FILM A DOG’S PURPOSE ?????(PG) General release (100 minutes)???
Josh Gad’s acting mannerisms drive me up the wall, but I can’t deny he was well cast as a cringing comic henchman in the recent live-action version of Beauty and the Beast.
He’s equally in his element as the first-person narrator of Lasse Hallstrom’s??? A Dog’s Purpose, pondering the mysteries of existence in husky, ingratiating tones which advertise that he poses no threat.
Based on a bestseller by the humorist W. Bruce Cameron, A Dog’s Purpose concerns either one dog or a whole troupe of them, depending how you look at it.
For most of the first half of the film, the narrator is Bailey, a beloved golden retriever owned by a family in rural Michigan in the 1960s.
When Bailey passes on, he’s reincarnated as a Chicago police dog, then as a corgi in Atlanta.
Along the way, he switches from male to female and back again – but none of this affects his naive, enthusiastic personality, or his ability to provide comfort and companionship to his various owners.
In later adventures, the dog longs to be reunited with one owner in particular: Ethan, a clean-cut Michigan boy played as a child by Bryce Gheisar???, as a teenage jock by K.J. Apa, and as an older man by Dennis Quaid.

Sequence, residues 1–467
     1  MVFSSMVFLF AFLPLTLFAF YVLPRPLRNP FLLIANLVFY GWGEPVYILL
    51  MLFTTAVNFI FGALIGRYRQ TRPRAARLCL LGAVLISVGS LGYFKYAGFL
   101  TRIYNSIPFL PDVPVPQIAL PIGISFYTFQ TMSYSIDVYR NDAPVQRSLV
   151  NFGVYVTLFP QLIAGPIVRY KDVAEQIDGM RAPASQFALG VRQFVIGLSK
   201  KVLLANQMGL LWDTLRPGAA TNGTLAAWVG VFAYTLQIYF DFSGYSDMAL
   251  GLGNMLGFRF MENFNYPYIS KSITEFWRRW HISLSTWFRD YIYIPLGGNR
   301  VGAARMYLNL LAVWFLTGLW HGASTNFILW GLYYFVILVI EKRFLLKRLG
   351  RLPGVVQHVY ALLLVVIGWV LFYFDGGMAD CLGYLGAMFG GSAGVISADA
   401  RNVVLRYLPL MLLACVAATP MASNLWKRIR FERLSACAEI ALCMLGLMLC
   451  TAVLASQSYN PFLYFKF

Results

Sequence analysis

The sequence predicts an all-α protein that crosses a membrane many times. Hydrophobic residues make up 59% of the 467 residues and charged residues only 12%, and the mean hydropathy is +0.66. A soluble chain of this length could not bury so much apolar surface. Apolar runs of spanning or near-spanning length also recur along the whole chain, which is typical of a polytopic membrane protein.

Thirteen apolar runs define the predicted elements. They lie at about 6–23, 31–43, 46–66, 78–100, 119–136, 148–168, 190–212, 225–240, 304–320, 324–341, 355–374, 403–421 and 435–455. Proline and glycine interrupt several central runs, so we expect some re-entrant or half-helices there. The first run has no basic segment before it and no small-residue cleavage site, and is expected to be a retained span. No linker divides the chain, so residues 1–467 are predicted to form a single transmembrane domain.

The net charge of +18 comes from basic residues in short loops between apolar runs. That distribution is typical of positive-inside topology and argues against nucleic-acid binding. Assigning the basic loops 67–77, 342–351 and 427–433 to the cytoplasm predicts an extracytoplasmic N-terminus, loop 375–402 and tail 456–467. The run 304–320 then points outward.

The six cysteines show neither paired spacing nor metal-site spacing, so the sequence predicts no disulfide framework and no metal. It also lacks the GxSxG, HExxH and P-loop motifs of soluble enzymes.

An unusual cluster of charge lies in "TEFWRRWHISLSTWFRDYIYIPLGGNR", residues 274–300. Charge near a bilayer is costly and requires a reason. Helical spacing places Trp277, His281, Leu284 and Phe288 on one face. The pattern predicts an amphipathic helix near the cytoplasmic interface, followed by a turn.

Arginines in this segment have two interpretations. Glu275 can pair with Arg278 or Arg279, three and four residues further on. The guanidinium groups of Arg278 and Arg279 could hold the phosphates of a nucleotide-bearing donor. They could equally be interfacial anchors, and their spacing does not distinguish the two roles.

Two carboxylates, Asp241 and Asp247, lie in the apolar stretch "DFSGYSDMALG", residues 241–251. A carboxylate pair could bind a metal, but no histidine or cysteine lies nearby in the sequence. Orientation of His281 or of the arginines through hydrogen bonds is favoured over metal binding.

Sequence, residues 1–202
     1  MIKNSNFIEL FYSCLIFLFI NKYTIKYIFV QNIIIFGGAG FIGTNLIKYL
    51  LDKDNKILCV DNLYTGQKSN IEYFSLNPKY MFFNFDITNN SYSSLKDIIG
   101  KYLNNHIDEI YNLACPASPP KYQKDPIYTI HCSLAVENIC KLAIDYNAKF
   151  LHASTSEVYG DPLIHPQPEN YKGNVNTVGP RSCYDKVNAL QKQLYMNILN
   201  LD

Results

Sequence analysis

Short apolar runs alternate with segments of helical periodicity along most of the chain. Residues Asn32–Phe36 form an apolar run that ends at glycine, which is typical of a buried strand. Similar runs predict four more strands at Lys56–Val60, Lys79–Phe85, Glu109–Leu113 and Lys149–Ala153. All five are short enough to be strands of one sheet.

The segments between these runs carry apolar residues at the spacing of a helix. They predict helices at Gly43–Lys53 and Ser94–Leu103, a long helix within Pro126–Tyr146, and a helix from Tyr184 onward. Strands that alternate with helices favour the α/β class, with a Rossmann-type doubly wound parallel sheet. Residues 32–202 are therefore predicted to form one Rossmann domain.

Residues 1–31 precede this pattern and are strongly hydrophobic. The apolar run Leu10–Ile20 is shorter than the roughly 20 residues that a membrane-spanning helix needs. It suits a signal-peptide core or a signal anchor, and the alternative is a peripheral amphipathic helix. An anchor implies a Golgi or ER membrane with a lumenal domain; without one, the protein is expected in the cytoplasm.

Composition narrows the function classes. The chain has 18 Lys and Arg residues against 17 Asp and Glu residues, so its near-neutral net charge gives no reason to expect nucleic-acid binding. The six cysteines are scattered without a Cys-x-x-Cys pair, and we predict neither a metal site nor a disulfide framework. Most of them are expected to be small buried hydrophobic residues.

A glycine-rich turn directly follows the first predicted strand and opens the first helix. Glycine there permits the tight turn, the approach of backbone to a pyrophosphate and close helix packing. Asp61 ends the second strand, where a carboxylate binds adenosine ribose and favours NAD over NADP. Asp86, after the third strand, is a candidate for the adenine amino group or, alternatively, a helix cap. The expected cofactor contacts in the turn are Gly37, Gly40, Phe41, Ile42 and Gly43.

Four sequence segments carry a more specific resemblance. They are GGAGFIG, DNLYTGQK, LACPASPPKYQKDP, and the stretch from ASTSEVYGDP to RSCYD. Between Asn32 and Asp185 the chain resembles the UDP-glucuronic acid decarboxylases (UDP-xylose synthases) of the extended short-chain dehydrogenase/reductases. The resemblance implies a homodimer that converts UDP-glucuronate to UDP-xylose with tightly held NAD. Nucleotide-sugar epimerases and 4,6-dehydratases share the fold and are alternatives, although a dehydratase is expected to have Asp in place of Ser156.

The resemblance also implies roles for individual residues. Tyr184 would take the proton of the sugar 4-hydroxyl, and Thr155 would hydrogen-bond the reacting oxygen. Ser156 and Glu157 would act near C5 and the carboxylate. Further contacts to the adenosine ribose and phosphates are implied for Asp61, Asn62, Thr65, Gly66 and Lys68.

Not even death, it seems, can destroy this bond, though it’s not clear why Ethan should be given priority over subsequent owners such as the equally loving Maya (Kirby Howell-Baptiste), unless this simply reflects the deference due to a middle-class white man.
The chauvinism here surely isn’t conscious, but it’s part and parcel of the film’s commitment to affirming homespun values rather than taking advantage of the satirical potential of a panorama of American life viewed through a dog’s innocent eyes.
Despite the involvement of talented screenwriters such as Maya Forbes (Infinitely Polar Bear), this remains a textbook example of what the website Snopes南京夜网 refers to as “glurge” – the kind of gooey uplift associated with the novels of Nicholas Sparks and their film adaptations (such as Hallstrom’s own Safe Haven), and with so-called “faith-based cinema”.
In this instance, the tone is religiose, but in a carefully non-specific way.
Evidently the notion of reincarnation is not meant to be taken literally; rather, it’s a device that allows Hallstrom to reassure us that life goes on, even as he tugs on our heartstrings with a series of doggy death scenes.
Between this and The Zookeeper’s Wife, animal lovers are doing it tough at the movies at the moment.
This story Administrator ready to work first appeared on Nanjing Night Net.